An Ozark man convicted by a federal jury on three felony cocaine dealing charges, filed a libel suit against the Springfield News-Leader today, indicating the newspaper had maligned his sterling character.
Judging by the content of Joseph L. Rainey's petition, filed in U. S. District Court for the Western District of Missouri, the News-Leader was out to get him. "The Springfield News-Leader used its resources and public influence for the purpose of the defamatory libel and slander the same being published concerning plaintiff."
You might be able to tell that Rainey is representing himself in the action, using the same lawyer who helped him land convictions earlier this year on counts of conspiracy to distribute cocaine, distribution of cocaine, and intent to distribute cocaine.
Rainey claims the News-Leader article caused "unjustifiable prejudice, damages to his reputation amongst his family, friends and loved ones and most importantly damaging his relationship with and influence over his children."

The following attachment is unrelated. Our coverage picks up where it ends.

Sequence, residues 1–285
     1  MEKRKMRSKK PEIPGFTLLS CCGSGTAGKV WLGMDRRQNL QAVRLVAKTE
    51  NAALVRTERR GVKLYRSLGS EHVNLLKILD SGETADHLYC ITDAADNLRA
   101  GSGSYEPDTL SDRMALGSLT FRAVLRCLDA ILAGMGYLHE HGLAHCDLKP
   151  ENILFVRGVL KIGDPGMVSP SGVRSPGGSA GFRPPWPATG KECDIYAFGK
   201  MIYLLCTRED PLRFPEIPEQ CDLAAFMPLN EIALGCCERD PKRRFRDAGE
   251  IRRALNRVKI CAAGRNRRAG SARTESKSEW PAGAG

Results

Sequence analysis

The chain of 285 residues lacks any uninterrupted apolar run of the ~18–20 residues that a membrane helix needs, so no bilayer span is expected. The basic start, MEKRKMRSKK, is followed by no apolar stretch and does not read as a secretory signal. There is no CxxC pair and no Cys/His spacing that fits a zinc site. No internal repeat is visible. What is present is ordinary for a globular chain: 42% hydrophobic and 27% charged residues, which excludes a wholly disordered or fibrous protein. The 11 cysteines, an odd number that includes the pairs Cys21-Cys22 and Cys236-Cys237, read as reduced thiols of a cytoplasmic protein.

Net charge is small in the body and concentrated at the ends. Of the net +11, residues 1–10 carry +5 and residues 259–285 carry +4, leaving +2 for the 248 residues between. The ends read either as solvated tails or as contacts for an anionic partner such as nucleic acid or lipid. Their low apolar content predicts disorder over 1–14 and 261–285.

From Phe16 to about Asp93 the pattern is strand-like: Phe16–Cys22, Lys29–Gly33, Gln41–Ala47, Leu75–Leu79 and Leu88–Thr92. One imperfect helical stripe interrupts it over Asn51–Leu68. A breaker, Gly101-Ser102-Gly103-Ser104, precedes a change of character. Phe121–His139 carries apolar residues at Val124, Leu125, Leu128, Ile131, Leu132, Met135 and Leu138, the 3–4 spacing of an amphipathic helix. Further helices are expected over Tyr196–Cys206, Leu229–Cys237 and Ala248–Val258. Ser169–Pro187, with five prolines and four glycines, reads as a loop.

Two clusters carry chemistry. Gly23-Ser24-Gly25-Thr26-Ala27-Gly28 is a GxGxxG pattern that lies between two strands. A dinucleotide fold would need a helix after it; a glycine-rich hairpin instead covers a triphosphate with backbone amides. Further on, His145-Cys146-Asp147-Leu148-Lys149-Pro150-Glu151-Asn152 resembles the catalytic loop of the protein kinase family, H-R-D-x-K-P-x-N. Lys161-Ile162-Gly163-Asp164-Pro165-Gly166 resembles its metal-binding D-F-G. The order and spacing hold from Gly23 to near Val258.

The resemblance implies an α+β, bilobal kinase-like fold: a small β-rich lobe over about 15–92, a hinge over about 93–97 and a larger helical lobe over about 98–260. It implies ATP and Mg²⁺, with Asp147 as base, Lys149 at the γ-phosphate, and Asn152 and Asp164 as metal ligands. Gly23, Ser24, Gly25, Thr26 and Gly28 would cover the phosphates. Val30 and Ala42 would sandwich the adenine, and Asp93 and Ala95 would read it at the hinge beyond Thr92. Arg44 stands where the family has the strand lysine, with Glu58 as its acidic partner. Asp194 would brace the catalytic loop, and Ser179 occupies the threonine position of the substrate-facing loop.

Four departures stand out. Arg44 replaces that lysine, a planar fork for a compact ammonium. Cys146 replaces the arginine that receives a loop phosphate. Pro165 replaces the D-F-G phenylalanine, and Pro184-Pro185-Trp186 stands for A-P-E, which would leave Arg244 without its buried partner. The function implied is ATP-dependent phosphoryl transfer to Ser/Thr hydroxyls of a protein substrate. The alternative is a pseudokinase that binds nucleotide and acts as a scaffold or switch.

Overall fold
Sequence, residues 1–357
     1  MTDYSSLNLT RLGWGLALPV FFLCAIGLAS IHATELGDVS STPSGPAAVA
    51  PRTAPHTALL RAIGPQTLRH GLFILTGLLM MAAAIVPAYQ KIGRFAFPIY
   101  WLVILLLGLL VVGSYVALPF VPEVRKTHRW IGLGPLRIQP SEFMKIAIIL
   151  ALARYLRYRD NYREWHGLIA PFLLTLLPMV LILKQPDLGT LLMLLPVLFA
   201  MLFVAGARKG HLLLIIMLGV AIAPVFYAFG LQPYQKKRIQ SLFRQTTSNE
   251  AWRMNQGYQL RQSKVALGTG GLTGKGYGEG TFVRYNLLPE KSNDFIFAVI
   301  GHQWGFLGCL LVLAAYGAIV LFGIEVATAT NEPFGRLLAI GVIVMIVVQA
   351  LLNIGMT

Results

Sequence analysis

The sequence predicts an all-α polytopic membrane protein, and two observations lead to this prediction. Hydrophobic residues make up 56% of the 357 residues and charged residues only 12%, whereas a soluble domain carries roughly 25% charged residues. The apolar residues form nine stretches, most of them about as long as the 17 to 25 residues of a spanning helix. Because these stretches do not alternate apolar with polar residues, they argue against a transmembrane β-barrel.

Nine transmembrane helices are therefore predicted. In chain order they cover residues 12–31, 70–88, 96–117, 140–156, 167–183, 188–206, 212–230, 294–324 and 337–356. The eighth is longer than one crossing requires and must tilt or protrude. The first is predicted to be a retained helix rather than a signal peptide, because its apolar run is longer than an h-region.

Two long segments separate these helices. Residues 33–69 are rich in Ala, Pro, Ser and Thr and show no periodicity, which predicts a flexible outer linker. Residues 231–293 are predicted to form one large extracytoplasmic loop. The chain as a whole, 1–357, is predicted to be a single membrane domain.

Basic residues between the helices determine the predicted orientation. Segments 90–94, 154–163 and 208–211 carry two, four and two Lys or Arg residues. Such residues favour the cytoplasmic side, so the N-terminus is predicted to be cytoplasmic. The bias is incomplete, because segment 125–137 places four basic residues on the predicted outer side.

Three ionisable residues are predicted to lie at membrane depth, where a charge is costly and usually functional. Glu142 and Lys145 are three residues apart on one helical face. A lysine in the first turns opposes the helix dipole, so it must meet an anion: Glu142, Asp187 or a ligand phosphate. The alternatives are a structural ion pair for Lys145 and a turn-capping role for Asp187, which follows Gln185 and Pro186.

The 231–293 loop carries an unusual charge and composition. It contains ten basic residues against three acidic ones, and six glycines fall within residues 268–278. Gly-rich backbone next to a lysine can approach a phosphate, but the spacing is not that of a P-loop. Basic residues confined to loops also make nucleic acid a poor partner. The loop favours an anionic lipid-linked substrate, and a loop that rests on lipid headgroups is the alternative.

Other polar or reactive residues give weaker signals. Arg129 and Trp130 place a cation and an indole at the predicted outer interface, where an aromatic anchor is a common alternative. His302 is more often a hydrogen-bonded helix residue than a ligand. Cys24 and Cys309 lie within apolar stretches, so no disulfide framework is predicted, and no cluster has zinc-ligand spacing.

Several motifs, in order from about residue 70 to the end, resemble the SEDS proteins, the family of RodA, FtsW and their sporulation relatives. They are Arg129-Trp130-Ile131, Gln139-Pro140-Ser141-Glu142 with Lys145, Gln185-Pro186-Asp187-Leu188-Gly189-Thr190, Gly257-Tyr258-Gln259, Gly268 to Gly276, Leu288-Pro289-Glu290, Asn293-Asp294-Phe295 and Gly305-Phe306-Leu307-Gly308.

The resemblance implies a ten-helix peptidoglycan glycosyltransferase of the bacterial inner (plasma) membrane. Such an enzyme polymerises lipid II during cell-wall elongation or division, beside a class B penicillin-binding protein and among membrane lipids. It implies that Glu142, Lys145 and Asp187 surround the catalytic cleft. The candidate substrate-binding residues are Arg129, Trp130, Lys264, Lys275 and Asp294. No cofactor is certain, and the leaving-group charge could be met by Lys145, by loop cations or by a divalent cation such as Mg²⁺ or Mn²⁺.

Rainey says the News-Leader account features him committing crimes other than the ones for which he was convicted. The case had nothing to do with the large amounts of cocaine the News-Leader says he trafficked, Rainey pointed out. "In fact, the entire case consisted of 123 grams of cocaine base most of which was arbitrary and had no connection to the investigation itself."
Judging from the content of Rainey's petition, it would appear News-Leader reporter Thomas Bookstaver was using information from the public record in writing his article, which was published in June. Rainey is asking for "damages, fees, and costs."
Rainey, the same man whose reputation was allegedly besmirched in the News-Leader article, also pleaded guilty to five drug felonies in 2001 in Jackson County, according to court records, and was placed on probation.